Getting my feet into them is still a little endeavor every time. Lots of pushing, hopping, squeezing, swearing. My high arch just isn't made for them. But then... they're the only real option for stiff bc women's boors, thus I continue to use them. If I had the choice, I wouldn't :)
 
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Discussion Starter #15
whats the actual show size? womens 5, 6 , 7? Also looks like 23cm, which I believe are womens 6
Normally I'm a 6.5 or a 7 depending on the manufacturer. I tried on a coule different brands of snowboard boots in a 6.5 and at the time I thought they were too small because of the amount of pressure on my toes but after looking at Wiredsport's guide, I think they may have actually been the correct size length-wise.
 

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...depending on the manufacturer...
Thats half the battle right there. Say you got the exact numbers for length, width, arch, instep, toe height ratio, you still need to find the brand the fits your foot shape the best. So if you happen to get lucky this time around, or maybe after years of buying painfull boots, if they are still comfy after they pack out never stray from that brand. Ever.

You definitely seem like your on the right track at least. Good luck.
 

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Yeah, I have the women's.
Narrowness in toe box isn't a problem. But the instep is. The tongue literally squeezes the blood off my feet out of the box. Got super thin custom ibsoles and undid the lower eyelets of both, liner and shell, and bind the lower section very loose. Like that, they are endurable with thin socks.
Getting my feet into them is still a little endeavor every time. Lots of pushing, hopping, squeezing, swearing. My high arch just isn't made for them. But then... they're the only real option for stiff bc women's boors, thus I continue to use them. If I had the choice, I wouldn't :)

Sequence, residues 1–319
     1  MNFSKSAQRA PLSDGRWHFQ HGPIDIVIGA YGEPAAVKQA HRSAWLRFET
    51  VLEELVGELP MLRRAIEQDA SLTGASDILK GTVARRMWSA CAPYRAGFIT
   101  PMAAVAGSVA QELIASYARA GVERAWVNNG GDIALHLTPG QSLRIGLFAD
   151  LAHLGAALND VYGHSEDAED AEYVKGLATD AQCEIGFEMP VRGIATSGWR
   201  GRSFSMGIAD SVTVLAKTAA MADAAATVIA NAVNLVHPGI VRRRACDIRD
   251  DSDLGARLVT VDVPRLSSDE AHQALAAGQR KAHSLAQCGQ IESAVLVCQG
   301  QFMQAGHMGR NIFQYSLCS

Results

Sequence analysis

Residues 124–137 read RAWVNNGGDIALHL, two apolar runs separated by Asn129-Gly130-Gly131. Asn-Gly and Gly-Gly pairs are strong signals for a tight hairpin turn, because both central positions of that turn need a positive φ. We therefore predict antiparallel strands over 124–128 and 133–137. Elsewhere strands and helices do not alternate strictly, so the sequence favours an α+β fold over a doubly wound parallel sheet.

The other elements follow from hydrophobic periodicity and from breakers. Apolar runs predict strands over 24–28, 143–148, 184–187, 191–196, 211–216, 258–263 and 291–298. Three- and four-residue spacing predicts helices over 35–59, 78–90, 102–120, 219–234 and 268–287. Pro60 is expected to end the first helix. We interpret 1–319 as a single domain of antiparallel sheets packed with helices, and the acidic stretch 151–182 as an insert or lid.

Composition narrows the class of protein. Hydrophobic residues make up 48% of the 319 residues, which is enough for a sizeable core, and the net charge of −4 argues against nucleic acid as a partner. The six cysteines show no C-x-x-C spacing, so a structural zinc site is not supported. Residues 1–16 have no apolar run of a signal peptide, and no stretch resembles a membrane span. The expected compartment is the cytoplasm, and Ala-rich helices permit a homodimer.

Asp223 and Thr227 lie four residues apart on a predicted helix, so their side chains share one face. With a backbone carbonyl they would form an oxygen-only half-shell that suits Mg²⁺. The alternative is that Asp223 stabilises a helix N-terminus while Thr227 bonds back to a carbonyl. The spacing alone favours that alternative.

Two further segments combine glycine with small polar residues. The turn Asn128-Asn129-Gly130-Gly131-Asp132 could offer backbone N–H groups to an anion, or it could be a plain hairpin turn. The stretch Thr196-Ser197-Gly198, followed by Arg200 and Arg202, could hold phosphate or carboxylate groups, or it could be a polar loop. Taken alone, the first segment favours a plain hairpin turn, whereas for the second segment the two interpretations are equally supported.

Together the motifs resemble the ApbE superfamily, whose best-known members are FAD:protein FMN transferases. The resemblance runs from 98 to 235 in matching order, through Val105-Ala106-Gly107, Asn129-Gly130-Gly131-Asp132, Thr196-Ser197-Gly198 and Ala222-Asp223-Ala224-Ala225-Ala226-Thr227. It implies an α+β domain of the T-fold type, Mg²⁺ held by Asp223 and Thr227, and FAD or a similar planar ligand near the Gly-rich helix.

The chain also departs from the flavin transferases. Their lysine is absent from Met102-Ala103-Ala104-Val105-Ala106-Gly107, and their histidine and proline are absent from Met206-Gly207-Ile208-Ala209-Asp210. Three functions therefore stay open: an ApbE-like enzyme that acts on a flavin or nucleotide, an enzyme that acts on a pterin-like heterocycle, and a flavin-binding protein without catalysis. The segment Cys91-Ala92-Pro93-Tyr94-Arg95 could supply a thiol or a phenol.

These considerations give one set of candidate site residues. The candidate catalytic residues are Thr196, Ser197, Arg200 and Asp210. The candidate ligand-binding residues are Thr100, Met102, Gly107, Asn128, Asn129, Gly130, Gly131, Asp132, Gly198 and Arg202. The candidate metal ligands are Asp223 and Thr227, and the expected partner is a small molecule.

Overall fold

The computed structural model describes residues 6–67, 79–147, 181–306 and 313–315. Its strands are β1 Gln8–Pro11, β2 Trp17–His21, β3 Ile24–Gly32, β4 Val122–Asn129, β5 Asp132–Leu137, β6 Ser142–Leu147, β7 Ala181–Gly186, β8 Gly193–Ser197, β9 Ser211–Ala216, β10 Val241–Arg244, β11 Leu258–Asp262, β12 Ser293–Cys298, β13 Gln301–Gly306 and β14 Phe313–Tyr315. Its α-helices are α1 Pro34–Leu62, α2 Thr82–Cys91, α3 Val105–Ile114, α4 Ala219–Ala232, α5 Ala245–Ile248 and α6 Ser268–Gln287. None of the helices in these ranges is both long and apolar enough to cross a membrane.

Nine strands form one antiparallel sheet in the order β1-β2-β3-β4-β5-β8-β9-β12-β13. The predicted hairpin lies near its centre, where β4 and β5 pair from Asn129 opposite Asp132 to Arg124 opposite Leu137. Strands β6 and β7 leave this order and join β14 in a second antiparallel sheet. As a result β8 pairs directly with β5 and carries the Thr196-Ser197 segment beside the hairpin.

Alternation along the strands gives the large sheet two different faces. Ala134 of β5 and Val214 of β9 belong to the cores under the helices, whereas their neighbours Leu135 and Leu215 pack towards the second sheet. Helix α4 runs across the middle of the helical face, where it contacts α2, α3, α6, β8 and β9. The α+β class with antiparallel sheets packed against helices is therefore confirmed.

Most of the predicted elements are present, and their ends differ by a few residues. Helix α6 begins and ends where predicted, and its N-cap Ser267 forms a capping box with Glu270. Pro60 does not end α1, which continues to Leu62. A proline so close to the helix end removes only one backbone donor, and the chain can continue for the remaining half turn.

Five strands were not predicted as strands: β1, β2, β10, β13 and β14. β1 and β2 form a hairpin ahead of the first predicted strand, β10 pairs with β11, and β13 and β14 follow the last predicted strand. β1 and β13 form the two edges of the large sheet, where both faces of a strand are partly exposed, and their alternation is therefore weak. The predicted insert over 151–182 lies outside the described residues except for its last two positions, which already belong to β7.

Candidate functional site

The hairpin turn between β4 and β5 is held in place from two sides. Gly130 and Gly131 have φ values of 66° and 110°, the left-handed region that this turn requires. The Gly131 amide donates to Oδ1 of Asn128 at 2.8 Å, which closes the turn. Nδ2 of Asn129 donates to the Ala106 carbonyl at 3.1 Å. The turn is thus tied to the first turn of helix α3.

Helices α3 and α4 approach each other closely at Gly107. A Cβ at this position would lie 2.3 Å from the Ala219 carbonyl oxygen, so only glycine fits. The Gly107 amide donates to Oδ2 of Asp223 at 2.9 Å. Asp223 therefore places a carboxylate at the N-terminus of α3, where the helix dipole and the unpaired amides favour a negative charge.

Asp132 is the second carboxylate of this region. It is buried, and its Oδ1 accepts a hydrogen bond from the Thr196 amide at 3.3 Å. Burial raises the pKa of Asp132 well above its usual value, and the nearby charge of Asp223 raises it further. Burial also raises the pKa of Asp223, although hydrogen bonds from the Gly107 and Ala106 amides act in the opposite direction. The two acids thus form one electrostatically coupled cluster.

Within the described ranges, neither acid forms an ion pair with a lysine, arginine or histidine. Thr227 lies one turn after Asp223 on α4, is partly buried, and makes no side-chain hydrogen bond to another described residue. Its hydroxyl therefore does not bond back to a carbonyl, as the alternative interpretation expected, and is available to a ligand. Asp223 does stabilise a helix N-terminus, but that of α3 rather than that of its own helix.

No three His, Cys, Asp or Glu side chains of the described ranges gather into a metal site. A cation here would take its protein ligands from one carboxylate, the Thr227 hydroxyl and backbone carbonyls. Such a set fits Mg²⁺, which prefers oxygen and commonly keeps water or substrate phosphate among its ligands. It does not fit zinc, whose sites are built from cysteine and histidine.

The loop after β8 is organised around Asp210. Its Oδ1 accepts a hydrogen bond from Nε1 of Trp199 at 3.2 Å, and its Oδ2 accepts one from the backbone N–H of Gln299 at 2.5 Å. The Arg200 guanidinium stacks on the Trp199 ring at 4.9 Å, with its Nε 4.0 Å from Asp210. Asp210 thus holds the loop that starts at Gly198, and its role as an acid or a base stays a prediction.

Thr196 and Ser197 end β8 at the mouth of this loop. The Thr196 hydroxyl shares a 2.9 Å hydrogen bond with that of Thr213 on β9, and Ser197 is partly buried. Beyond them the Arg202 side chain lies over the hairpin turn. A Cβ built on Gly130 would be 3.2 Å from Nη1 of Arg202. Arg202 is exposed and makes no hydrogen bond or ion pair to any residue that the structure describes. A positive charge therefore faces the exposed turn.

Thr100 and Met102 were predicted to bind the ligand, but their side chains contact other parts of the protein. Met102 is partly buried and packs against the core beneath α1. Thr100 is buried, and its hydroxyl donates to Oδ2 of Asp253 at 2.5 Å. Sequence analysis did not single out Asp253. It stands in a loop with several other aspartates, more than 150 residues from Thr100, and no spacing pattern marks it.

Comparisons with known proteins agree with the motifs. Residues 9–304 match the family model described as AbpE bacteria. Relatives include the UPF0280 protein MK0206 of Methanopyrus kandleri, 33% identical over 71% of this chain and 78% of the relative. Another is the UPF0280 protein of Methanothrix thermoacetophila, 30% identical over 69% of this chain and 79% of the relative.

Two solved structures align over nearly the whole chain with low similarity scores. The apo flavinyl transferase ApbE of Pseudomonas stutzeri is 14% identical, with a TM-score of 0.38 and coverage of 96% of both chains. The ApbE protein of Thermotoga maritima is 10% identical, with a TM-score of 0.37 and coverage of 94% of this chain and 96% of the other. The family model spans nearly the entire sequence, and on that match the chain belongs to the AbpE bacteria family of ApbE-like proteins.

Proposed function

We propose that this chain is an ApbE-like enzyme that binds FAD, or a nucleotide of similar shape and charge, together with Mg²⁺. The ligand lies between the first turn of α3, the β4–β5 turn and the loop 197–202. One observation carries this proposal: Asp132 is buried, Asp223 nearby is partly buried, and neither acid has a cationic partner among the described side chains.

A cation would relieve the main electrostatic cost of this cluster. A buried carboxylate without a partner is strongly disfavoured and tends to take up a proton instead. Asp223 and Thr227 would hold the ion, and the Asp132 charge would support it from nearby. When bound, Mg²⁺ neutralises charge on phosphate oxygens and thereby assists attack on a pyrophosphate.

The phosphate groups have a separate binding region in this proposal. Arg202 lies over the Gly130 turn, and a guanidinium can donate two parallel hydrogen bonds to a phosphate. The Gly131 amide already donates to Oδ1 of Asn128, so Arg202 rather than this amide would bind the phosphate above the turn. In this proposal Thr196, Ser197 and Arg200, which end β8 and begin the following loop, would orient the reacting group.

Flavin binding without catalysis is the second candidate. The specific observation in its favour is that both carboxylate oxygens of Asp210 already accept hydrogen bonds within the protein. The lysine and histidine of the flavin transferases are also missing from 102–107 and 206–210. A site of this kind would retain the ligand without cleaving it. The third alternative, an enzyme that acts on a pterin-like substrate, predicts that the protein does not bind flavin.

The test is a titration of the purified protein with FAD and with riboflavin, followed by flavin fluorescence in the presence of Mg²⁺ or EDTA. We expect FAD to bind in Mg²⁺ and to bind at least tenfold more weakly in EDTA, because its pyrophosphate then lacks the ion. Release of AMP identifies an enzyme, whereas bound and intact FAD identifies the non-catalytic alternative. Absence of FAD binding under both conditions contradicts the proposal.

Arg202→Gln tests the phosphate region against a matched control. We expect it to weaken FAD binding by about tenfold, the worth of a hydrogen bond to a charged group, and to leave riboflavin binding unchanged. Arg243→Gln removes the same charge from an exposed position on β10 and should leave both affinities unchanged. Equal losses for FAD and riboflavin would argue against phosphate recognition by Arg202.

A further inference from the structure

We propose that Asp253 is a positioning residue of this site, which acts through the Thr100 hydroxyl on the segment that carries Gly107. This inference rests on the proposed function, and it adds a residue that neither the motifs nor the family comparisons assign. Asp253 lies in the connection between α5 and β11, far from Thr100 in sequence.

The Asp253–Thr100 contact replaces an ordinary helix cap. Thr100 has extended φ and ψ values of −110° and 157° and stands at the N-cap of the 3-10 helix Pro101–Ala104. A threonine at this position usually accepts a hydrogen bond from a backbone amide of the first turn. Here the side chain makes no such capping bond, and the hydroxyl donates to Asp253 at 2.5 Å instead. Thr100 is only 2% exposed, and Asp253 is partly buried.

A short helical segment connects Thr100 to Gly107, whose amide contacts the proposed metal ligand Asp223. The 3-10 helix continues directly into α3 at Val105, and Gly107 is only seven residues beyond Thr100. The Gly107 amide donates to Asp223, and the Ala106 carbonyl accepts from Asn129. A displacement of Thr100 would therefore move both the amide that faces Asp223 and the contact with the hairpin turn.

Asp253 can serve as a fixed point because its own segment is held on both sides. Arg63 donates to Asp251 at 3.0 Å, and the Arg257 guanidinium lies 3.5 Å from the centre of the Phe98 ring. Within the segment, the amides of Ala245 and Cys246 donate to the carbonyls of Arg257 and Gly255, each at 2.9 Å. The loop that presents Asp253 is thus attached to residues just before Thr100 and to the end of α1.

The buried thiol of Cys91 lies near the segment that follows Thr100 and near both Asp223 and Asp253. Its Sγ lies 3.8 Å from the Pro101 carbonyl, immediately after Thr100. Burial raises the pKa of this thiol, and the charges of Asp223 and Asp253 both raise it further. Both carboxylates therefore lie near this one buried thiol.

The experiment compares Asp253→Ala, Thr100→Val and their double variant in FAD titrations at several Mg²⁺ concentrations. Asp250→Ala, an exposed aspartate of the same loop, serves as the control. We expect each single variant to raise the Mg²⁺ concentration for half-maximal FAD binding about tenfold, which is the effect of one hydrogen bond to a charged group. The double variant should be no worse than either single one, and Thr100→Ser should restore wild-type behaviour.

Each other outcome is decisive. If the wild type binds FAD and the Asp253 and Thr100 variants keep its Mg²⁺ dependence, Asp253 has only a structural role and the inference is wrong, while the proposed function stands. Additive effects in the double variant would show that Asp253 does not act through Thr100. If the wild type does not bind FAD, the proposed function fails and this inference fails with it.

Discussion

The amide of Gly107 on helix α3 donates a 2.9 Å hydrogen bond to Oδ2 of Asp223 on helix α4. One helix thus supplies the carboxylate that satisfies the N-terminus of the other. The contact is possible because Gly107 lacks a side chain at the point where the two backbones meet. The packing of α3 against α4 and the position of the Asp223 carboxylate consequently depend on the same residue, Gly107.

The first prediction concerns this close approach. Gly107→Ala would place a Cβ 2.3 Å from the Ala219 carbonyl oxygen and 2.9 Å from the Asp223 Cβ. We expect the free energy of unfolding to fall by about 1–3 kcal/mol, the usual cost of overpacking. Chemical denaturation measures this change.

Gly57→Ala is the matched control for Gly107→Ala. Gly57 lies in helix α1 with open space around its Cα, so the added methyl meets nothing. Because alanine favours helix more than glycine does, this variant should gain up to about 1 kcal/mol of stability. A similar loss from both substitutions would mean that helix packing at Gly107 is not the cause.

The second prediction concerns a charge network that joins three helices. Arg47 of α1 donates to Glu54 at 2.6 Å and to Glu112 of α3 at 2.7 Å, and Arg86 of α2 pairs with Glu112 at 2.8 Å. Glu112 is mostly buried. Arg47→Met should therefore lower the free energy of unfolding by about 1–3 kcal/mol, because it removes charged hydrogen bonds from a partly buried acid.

I have this exact same experience with TM-2 XLT's, and heat molding and five full days of riding fixes it for me. I think the insoles I put in keep my foot shifted back in the boot a bit which also helps. But those first five days are not pleasant, and if my foot were any taller I don't think they would ever fit well.

Regular TM-2's fit pretty much out of the box with thin socks though. I've tried the Lashed on also, and they felt comfy like sneakers. So the model I think makes a bit of difference too.
 

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Discussion Starter #18
Thats half the battle right there. Say you got the exact numbers for length, width, arch, instep, toe height ratio, you still need to find the brand the fits your foot shape the best. So if you happen to get lucky this time around, or maybe after years of buying painfull boots, if they are still comfy after they pack out never stray from that brand. Ever.

You definitely seem like your on the right track at least. Good luck.
That's exactly why I'm here - in hopes of finding a magical boot that will function and I won't want to let go of. Even though I don't have a specific boot or brand to target, I feel a lot better about my chances of comfort after reading these comments and checking out The Angry Snowboarder's videos. It might take work but it's not actually hopeless!
 

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I think getting the right size, 6.5 it seems, will make all the difference. If you want to keep your 7's, maybe try a very thick insole and thick socks to fill out the shoe
 

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Have you tried DC? The DC MoraI had could probably fit your foot shape. For me, they were too wide around the ankle, but I have very narrow ankles. Order them in your correct mondo size, not too big.